The Queen has detailed the government's upcoming programme of law-making on a grey day darkened by the gloom of a double-dip recession and plans to massively increase surveillance of the internet in the UK.
Opening the new session of Parliament, Her Majesty confirmed on Wednesday that "draft clauses" would be introduced to allow MPs to scrutinise Home Secretary Theresa May's Communications Capabilities Development Programme (CCDP) - the controversial project to allow security services in Blighty to monitor the population online.
Lord Chancellor Kenneth Clarke hands the Queen her speech
The Queen told politicos and peers in the House of Lords:
My government intends to bring forward measures to maintain the ability of the law enforcement and intelligence agencies to access vital communications data under strict safeguards to protect the public, subject to scrutiny of draft clauses.
It's unclear if those "strict safeguards" mean that a warrant, for example, would be needed before spooks could access such data. The rough proposal appeared to only fuzzily indicate that such protection for British citizens would be provided, however.
A Home Office document about the proposed draft bill [PDF] stated that an updated framework to aid the "lawful, efficient and effective obtaining of communications data by authorised public authorities including law enforcement and intelligence agencies" would be established.
It added that safeguards such as imposing a 12-month limit on the length of time such private data could be retained by communication service providers would be proposed. The Information Commissioner Christopher Graham will be tasked with reviewing such data retention plans.
The draft communications data bill outlined the following "benefits":
- "The ability of the police and intelligence agencies to continue to access communications data which is vital in supporting their work in protecting the public."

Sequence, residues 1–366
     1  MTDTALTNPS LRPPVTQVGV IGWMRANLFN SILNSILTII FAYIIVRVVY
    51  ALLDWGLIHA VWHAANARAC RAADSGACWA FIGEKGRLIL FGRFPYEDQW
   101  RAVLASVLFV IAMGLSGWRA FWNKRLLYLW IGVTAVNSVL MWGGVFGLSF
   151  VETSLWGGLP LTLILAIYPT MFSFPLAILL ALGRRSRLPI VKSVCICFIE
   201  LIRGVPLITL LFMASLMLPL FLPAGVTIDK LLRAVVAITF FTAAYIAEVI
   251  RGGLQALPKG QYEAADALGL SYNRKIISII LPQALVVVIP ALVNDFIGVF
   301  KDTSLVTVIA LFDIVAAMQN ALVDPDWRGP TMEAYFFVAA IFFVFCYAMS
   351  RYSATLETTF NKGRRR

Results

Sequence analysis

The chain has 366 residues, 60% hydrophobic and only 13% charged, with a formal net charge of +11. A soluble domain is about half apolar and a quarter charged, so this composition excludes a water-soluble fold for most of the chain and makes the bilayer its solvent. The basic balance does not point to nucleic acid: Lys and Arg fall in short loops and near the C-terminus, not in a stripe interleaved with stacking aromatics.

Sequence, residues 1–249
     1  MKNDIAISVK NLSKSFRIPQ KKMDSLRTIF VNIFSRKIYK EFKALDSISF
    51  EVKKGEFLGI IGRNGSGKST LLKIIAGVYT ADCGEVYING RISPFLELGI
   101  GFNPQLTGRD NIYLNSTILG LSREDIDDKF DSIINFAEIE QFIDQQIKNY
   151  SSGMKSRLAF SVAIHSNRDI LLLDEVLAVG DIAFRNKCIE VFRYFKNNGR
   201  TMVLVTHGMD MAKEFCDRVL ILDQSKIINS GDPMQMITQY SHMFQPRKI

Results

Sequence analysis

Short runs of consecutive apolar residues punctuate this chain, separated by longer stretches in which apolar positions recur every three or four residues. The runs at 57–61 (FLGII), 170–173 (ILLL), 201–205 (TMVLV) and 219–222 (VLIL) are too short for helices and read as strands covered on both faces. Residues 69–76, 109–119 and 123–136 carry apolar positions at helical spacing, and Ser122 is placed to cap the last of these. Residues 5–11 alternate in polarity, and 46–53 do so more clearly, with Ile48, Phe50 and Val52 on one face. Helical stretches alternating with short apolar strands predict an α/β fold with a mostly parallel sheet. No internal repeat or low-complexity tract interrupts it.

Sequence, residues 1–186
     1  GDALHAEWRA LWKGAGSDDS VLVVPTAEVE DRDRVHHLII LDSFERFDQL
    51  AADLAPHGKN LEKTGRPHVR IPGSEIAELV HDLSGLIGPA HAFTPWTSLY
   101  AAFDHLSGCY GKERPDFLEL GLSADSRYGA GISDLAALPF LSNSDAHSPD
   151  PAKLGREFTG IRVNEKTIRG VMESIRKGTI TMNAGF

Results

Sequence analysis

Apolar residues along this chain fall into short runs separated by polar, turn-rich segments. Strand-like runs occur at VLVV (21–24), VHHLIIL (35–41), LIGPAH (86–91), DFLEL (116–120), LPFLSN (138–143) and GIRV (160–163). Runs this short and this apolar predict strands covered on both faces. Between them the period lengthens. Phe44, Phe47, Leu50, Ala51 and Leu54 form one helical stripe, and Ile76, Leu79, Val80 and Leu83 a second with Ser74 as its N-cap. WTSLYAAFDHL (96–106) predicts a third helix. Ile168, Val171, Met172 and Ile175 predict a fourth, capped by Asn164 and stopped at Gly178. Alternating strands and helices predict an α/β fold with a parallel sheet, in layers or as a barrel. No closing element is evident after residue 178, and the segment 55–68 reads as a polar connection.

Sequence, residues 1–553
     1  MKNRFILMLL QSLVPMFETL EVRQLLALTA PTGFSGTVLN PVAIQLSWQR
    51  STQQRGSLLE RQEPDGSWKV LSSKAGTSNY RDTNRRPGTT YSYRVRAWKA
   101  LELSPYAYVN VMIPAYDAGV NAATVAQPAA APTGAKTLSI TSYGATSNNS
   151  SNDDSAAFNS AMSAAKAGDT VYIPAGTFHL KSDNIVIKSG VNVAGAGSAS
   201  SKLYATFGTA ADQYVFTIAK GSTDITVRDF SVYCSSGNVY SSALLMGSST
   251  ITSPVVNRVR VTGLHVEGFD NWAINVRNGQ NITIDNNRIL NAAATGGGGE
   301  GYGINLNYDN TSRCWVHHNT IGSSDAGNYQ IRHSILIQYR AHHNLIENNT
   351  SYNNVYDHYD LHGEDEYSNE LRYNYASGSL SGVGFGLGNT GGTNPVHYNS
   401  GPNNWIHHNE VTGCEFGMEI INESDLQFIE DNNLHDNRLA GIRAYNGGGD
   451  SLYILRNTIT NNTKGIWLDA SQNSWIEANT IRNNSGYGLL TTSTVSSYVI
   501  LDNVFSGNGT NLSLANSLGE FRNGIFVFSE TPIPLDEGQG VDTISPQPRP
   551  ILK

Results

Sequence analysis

- "An updated framework for the collection, retention and acquisition of communications data which enables a flexible response to technological change."
The proposed bill described communications data as being "information about a communication, not the communication itself".
May and her department have tried to bat aside criticism from civil liberties groups by saying that "no emails would be read in real-time".
But many have complained that the cabinet minister's reassurances are unfounded given that the net-snooping plan would involve GCHQ operatives monitoring everything an individual does online, if not snoop on the content of messages.
The time and duration of communications would be probed, as would telephone numbers or email addresses that have been contacted, and "sometimes the location of the originator of the communication".
But beyond that, very little technical detail was offered in the draft communications data bill this morning. The CCDP was originally expected to be included in the crime and courts or justice and security bills - the fact it is now standalone and in draft form will subject it to greater parliamentary scrutiny.
Lib Dem Deputy Prime Minister Nick Clegg may have behind the scenes forced a serious airing of May's proposals in Parliament, and MPs even within the Coalition are undoubtedly opposed to such a "snoopers' charter", but the fact remains that the Home Office - just like its previous New Labour incumbents - is determined to push its plans to hugely step up surveillance of the internet onto the nation's law books. ®
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